Cart 0

What Does 'Direct' and 'Indirect' TPMS Mean?

Posted by Marc Lewis on

What is Direct TPMS?

Each wheel of the vehicle has a sensor fixed to monitor the changes in pressure from the tyre. Tyre pressure sensors also measure temperature. Each sensor sends its signal to the receiver inside the vehicle using a wireless connection. In Europe the transmission frequency is 433Mhz.

If low pressure or a leak is detected (generally 25% less than normal operating pressure), the driver is alerted by the in-car system and generally the deflated tyre is identified.
Direct TPMS is very accurate measuring to 1 or 2 psi.
A puncture after parking is immediately identified.
Sensors send their signals approximately every 30 seconds, when parked they transmit every 20 to 30 minutes. At 25 kph the sensor switches back on to transmit every 30 seconds.
Sensors have an approximate life of 5 years or 160,000 km.



What is Indirect TPMS?

Indirect TPMS is generally fitted to a vehicle that has had fitted or can be fitted with run flat tyres. This is because it is difficult to see or feel deflation in this type of tyre.
Indirect tyre pressure monitoring systems do not use pressure sensors to monitor tyre pressure, they work from the ABS or speed sensors on the vehicle.
Indirect systems monitor tyre pressure by assessing the rotational speeds of each tyre, and work on the premise that an under-inflated tyre has a slightly different diameter than a fully inflated tyre. An algorithm is used to assess the differences in wheel speeds.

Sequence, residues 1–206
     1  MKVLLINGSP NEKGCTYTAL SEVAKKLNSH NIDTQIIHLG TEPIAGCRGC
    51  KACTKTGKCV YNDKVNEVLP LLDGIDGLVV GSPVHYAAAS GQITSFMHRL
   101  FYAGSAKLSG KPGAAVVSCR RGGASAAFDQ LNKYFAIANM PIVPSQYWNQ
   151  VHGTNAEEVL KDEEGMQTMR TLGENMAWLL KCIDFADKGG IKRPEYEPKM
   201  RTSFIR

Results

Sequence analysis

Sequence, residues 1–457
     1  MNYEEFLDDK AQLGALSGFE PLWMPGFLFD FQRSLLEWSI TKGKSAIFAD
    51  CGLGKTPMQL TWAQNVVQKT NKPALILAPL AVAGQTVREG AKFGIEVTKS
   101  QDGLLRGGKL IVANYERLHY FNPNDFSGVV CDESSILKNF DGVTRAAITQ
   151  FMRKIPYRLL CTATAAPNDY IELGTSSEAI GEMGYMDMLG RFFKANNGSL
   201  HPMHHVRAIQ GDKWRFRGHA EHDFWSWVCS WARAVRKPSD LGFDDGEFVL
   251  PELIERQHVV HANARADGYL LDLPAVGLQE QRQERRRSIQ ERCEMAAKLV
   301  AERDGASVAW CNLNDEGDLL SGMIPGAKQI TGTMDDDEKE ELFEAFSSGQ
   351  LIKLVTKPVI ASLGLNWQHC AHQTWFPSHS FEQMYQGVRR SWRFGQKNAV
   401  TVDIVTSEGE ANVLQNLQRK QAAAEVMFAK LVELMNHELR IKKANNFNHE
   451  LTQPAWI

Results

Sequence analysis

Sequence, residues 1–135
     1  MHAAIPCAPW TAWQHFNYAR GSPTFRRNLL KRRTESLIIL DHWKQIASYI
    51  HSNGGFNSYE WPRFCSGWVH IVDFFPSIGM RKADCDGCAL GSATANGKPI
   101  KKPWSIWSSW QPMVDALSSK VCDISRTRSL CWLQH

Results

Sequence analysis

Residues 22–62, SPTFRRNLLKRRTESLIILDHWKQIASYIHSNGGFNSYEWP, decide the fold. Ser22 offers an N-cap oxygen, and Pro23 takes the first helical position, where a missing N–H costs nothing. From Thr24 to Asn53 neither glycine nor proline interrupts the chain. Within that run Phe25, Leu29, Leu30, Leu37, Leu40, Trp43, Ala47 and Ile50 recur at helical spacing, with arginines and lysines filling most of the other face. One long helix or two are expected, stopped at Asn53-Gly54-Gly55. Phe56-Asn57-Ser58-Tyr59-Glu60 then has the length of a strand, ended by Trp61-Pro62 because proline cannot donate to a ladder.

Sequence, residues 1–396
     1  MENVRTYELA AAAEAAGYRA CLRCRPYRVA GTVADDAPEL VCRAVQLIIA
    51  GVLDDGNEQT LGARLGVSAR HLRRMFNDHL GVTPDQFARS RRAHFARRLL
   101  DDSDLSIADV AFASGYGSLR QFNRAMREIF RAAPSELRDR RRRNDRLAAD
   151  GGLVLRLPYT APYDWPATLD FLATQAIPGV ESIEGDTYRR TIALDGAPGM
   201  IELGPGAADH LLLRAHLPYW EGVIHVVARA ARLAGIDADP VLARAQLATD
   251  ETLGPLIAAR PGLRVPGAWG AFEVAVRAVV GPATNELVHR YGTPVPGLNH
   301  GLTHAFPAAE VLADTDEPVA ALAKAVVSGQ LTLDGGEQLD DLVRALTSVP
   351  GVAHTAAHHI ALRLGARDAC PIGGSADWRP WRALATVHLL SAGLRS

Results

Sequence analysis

The under-inflated tyre would therefore rotate at a different speed than the correctly inflated one, causing a tyre pressure warning. The deflated tyre is not identified, the driver has to check all 4 tyres

Negative Aspects of Indirect TPMS:
The system is not very accurate.
When tyres are re-inflated, the system needs to be re-calibrated.
When tyre positions are changed, the system needs to be re-calibrated.
When the tyres are replaced, the system needs to be re-calibrated.
The system can be re-calibrated by the driver without first ensuring that the pressure is correct in all tyres.
A puncture after parking is not immediately identified.

← Older Post Newer Post →

Leave a comment

Please note, comments must be approved before they are published.